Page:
Making The Checkered Inlay

The checkerboard band across the middle of the clock is an eye-catching detail, and it really makes the clock. You'll find that it invites close inspection. For best results, use clean, straight material, and don't use any sapwood or wood with other defects. You'd only have to discard several strips of inlay later.

i. Prepare two "sandwiches" of material-one with a lighter wood in between two dark pieces, and the other just the opposite. Width and length aren't critical, but each layer of the laminations must be exactly :l4 in. thick.

2. Plane the edges of each lamination square to the faces, and make sure the edges are free of glue. Crosscut laminations into segments exactly M in. wide.

3 ■ Arrange segments from alternating sandwiches. Glue and clamp them together. Apply pressure down, as well, onto a steel plate or something similar, to ensure even registration all the way across.

4. When the glue has cured, clean up and square the completed checkerboard blank. Band saw Into Me-in.-thick strips. Using a knife to pull the thin strips along on the outfeed side of the blade helps. Select the best pieces for the clock inlay. ■

top. This gives the clock a lighter feel and is a detail found on many Arts-and-Crafts clocks made earlier this century. A K-in. cove routed around the underside of the clock's top gives it a visual lift.

With the top, bottom and sides made and fitted, I planed and scraped the pieces. They were sprayed inside and out with two very thin coats of aerosol nitrocellulose sanding sealer followed by one coat of semigloss lacquer. To keep the joints free of lacquer, I taped the stub tenons and temporarily fit /i-in. strips into all the dadoes. I scuff-sanded with 320-grit sandpaper between coats. Spraying before assembly allowed easy access into corners, eliminated drips and reduced overspray.

Middle shelf The middle shelf requires a I>--in.-dia. hole for chime rods and a 3-m. by VA-in. cutout for the pendulum, I made the hole on the drill press with a Forstner bit and cut out the cavity for the pendulum on the tablesaw and band saw.

A band of checkerboard inlay is let into a front rail, which is sphned to the middle shelf. I used the tablesaw to cut the slot for the /i-in. spline and to cut the rabbet in the top of the front rail for the veneered face panel. To create the recess for the checkerboard inlay, I plowed a Mi-m.-dcep groove across the center of the front rail on the tablesaw and planed it smooth and flat. Th en I glued and clamped down the checkerboard inlay, which I made of ebony and pear (see the photos on the facing page for a complete description of making the inlay). After die glue had cured, I planed the front rail flush with the inlay ¡ see the top left photo on p. 120), cut the front rail to length and clamped up the middle shelf assembly (see the bottom photo on p. 120). 1 taped the stub tenons and spraved the assembly before moving on to the plywood panels for the clock face and back.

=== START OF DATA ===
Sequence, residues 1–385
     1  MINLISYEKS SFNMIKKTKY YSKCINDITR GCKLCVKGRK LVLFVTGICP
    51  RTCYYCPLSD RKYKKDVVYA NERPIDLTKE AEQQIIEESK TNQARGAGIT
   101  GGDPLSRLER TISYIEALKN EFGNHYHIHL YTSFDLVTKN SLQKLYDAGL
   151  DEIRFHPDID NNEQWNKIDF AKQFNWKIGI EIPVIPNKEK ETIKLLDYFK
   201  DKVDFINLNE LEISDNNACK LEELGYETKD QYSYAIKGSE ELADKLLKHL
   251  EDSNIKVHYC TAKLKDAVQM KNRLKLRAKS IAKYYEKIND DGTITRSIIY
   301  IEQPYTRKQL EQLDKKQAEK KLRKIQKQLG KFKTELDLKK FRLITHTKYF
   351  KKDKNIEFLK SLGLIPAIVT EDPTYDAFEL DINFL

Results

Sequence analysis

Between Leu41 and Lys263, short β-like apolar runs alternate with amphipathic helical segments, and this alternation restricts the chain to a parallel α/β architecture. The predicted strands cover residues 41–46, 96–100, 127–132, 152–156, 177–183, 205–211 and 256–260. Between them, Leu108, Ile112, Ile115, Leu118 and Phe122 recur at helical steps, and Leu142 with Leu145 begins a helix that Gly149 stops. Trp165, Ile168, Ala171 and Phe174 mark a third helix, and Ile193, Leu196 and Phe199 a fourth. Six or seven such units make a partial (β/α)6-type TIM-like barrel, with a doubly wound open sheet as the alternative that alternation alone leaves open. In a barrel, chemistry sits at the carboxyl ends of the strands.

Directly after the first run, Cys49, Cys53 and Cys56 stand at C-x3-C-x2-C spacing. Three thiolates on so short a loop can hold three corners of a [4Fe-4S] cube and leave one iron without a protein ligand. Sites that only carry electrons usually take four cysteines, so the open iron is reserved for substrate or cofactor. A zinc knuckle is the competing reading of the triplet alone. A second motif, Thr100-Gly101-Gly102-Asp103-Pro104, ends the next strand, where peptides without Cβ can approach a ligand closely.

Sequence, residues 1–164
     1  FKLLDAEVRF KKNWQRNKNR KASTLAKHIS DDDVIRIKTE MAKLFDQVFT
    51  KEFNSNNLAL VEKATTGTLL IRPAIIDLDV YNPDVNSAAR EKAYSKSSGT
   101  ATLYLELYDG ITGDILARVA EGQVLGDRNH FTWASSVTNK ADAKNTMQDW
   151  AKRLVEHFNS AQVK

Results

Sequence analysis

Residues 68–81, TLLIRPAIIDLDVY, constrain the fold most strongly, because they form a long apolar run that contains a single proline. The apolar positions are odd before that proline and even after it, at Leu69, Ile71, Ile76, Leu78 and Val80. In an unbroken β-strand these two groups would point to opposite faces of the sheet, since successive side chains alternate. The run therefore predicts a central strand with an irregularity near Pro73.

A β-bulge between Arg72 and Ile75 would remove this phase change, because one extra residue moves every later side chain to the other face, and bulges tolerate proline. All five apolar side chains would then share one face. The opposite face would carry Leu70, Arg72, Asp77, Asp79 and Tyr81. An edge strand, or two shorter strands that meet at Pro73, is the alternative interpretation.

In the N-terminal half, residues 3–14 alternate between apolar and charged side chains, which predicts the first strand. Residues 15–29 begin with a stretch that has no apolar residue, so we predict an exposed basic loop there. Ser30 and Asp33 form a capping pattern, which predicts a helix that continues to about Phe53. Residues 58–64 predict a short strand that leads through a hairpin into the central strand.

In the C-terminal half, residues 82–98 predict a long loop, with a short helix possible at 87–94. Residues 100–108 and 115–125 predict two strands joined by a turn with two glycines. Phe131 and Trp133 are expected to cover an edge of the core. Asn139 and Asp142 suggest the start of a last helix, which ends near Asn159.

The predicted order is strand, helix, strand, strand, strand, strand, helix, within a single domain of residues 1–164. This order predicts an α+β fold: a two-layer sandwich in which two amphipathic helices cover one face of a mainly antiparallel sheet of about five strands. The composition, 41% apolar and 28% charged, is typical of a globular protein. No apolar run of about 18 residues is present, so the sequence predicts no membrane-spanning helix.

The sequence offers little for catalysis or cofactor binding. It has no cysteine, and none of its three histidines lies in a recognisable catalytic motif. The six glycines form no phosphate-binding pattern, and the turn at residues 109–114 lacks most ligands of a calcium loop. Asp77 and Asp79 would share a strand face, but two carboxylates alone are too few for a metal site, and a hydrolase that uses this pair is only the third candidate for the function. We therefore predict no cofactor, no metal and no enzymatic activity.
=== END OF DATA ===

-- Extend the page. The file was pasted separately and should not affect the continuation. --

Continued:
Veneer the Face and Back Panel

Because I didn't want to worry about wood movement across the width of the clock, I

used %-in.--thick birch plywood for the face and the back panels.

I veneered the plywood with clear, quar-tersavvn pear. This way, the grain all but disappears. After shooting and taping the veneer seams, I glued the veneer to the plywood using yellow glue and a warm iron. Ordinarily, both sides of the substrate should be veneered so die piece won't cup later. But" because both panels ai$ captured, I didn't think it was necessary to veneer their inside faces.

After the glue had dried, I scraped the veneer tape off and cut the panels to size.

Io mark the center of the face for the clock movement, 1 struck diagonals from corner to corner and used an awl to make an impression where the lines crossed. 1 hen 1 scraped and sanded the pear veneer. I finished the face with sanding sealer and semigloss lacquer. By finishing the face before drilling for the clock stem, I didn't have to avoid the hole when 1 sanded or rubbed with steel wool.

I bored the hole for the clock movement on my drill press and screwed it to the back of the face panel (for part numbers, price and other information on the movement, see the sources box on p. 123). I set the back panel aside until the whole clock was glued up.

Glazed Door Swings Up on Dowel Hinges

The little door that swings up to provide access to the pendulum is of standard mortise-and-tenon construction. Both top and bottom rails are

VA in. wide, slightly wider than the stiles.'1 he top rail takes a mild curve, and the bottom accepts a small knob and visually anchors the design. I roughed out the curve in the top rail on the handsaw, and then I cleaned it up using a template and the template guide on my router table (see die top left photo on p. 122).

After the door frame was glued up, I routed a %-in. rabbet all around the inside to accept a pane of glass. i squared the corners of the rabbet and chopped small open-sided mortises in the back side of the door

Making the middle shelf

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Responses

  • annett schroder
    How to make checkered inlay?
    8 years ago

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